Obituary: Harry Lester

Denis Gifford
Wednesday 04 August 1993 23:02 BST

Harold Worth Lester, variety performer: born Fort Worth, Texas 9 July 1895; died Birmingham 4 July 1993.

HARRY LESTER, the radio and stage 'hill-billy' whose comedy band, 'The Hayseeds', cheered up England during the blacked-out Forties, has died just five days before his 98th birthday. He died on Independence Day, appropriate for a man born in Texas and who achieved his great success in the UK, steadfastly retaining his US citizenship.

Lester was born in 1895 and named after his birthplace, the Harold Hotel, Fort Worth. His father John was a travelling showman in the lower echelons of entertainment, performing in tent shows, medicine shows, town hall shows, and anywhere a rickety stage could be erected. As an infant Harry was incorporated into the family act, soon to be joined by his younger brother Burton. The boys learnt every kind of act, from close harmony singing to acrobatics and wire-walking, and between them the trio could play virtually every musical instrument.

By 1908 the brothers were starring in their aerial act at the San Antonio State Fair, by 1910 they were working the riverboats along the Mississippi, and by 1914 were touring theatres in Australia and South Africa. They arrived in England in 1915, made their debut at the Victoria Palace on 20 December, and never went home again. The family quartet (including Mrs Lester) called themselves the Four Aerial Lesters in 1916, then combined their musicianship with the trapeze as 'The Band Upside-Down' in 1917, and when the jazz craze boomed they fell back on their own memories of Southern music and became 'The Frisco Five'. Whether the fifth was another brother or an imported musician is unrecorded.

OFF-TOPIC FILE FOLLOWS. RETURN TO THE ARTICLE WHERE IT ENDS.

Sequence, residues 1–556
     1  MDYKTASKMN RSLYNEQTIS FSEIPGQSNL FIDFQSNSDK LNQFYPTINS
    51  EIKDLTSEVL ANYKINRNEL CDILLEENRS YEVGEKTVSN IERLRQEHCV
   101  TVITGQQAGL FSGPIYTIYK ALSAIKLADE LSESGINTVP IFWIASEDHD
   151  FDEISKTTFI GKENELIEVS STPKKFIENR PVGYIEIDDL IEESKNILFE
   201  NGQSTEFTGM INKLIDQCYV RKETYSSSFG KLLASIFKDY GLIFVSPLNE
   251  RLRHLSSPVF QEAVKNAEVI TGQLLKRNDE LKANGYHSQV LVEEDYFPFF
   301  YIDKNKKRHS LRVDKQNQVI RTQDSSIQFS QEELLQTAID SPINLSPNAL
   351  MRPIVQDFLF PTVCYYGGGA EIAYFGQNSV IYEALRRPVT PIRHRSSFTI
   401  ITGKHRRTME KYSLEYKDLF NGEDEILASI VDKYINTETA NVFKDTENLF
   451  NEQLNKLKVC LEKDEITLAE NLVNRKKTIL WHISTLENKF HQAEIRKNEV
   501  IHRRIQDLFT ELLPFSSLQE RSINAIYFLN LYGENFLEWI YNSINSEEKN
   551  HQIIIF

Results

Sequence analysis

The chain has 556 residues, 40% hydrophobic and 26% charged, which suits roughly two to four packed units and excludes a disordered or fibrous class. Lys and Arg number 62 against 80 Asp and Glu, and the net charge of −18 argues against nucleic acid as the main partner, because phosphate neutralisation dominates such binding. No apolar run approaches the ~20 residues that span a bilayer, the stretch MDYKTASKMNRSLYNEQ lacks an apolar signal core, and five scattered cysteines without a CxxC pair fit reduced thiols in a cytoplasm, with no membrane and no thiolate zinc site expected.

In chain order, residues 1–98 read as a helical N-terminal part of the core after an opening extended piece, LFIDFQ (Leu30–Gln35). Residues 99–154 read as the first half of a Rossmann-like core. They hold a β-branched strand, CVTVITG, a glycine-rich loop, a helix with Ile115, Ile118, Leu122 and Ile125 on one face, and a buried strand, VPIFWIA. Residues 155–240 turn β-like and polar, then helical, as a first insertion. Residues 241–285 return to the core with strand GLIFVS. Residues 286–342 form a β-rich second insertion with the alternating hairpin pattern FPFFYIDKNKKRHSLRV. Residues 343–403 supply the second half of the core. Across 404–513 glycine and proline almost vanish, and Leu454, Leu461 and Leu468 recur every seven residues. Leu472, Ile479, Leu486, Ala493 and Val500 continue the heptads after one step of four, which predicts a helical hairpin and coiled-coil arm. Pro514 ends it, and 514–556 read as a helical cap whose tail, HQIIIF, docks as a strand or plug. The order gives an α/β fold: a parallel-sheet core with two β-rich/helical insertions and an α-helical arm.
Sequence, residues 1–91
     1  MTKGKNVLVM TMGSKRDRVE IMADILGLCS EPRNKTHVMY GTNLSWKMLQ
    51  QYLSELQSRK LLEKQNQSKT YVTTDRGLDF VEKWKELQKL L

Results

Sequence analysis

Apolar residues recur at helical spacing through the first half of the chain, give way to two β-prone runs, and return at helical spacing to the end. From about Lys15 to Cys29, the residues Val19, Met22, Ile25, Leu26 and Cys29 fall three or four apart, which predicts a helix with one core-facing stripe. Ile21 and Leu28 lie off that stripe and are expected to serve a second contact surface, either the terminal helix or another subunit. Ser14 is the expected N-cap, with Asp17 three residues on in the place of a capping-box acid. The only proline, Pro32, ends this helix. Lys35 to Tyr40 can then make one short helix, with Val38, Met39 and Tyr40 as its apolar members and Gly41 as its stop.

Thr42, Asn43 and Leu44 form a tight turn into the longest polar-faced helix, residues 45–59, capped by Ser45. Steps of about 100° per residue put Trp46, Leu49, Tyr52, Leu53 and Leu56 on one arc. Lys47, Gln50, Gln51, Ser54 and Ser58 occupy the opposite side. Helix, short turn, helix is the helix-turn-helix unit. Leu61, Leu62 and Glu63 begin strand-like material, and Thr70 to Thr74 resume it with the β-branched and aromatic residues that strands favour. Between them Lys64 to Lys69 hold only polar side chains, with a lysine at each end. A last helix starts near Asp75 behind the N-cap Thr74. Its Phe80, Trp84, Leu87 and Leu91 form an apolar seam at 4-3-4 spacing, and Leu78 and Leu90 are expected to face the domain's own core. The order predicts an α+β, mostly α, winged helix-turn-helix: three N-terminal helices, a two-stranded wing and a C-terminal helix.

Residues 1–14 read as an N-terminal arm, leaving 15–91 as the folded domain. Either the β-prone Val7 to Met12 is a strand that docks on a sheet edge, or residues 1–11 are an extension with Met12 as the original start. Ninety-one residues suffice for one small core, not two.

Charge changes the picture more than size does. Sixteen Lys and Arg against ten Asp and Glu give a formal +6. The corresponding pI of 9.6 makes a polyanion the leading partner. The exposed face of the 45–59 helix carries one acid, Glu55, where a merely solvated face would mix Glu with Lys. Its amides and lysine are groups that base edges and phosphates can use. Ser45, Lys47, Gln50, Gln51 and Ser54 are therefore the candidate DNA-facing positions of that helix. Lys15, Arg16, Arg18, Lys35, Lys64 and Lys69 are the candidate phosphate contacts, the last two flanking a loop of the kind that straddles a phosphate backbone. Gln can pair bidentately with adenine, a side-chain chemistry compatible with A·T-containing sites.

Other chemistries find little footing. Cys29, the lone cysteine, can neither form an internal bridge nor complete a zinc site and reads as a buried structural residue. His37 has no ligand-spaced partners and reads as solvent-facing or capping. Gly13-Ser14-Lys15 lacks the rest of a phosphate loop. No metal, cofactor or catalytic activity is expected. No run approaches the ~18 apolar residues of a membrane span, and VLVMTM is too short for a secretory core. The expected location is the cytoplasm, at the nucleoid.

Changing the act to whatever was the then craze became a Harry Lester trademark. The act expanded and soon the Lesters were sending out their own package shows, such as Shot to the Moon, a science-fiction extravaganza, Hollywood Follies and Film- Faces, both reflecting the public's growing preference for films over variety, and perhaps his most extraordinary effort, Lester's Midget Circus. This featured 40 midgets, 15 ponies and an elephant, and was such a hit that it played the Blackpool Tower for four years, to 1929.

It was the craze for country-western music that really made Harry Lester a top-liner. It was known as 'Hilly- Billy' music in the Thirties, and every singing star from Bing Crosby down had to feature cowboy numbers in their repertoires. Once again Lester fell back on his early days in Texas and environs, and a new Wild West revue was born starring Harry Lester and his Hayseeds. Although such popular hits as 'Roll Along Covered Wagon' and 'Old Faithful (We Roam the Range Together)' were obvious segments of the show, it was their comedy numbers that made the Hayseeds such a success: 'I Like Mountain Music' and 'They're Tough, Mighty Tough, in the West' come easily to mind.

The Hayseeds proved to be Lester's greatest success, raising him from a touring revue star to a regular on radio and records, climaxing with the first post-war Royal Variety Performance at the London Palladium in November 1946. The Hayseeds ran, twanging the Jews'-harp and scratching the washboard, from 1938 virtually to Lester's retirement in 1957. For the record, the Hayseeds, unbilled by proper names, were Goofus the yodelling nitwit, Pee-Wee Pete, Cicero, Wheezy, The Kid, Guppy, Knuckle and Zeke. Or as Lester put it at the start of every show, 'Yes, folks, it's your Country Cousins come to town]'

(Photograph omitted)

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